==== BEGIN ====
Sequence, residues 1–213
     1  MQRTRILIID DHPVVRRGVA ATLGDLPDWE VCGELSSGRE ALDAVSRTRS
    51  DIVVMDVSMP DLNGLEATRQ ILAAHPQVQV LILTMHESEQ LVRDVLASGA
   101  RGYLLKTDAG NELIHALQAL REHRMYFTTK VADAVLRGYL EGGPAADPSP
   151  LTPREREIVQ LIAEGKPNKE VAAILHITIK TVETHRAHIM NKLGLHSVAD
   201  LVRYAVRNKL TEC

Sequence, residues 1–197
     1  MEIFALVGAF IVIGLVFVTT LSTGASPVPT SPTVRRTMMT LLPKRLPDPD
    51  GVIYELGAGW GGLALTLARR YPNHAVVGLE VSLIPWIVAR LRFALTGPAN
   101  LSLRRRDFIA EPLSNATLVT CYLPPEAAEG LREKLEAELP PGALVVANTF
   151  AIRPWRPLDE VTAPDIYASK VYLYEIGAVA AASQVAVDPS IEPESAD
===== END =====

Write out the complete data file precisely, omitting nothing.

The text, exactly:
Sequence, residues 1–213
     1  MQRTRILIID DHPVVRRGVA ATLGDLPDWE VCGELSSGRE ALDAVSRTRS
    51  DIVVMDVSMP DLNGLEATRQ ILAAHPQVQV LILTMHESEQ LVRDVLASGA
   101  RGYLLKTDAG NELIHALQAL REHRMYFTTK VADAVLRGYL EGGPAADPSP
   151  LTPREREIVQ LIAEGKPNKE VAAILHITIK TVETHRAHIM NKLGLHSVAD
   201  LVRYAVRNKL TEC

Sequence, residues 1–197
     1  MEIFALVGAF IVIGLVFVTT LSTGASPVPT SPTVRRTMMT LLPKRLPDPD
    51  GVIYELGAGW GGLALTLARR YPNHAVVGLE VSLIPWIVAR LRFALTGPAN
   101  LSLRRRDFIA EPLSNATLVT CYLPPEAAEG LREKLEAELP PGALVVANTF
   151  AIRPWRPLDE VTAPDIYASK VYLYEIGAVA AASQVAVDPS IEPESAD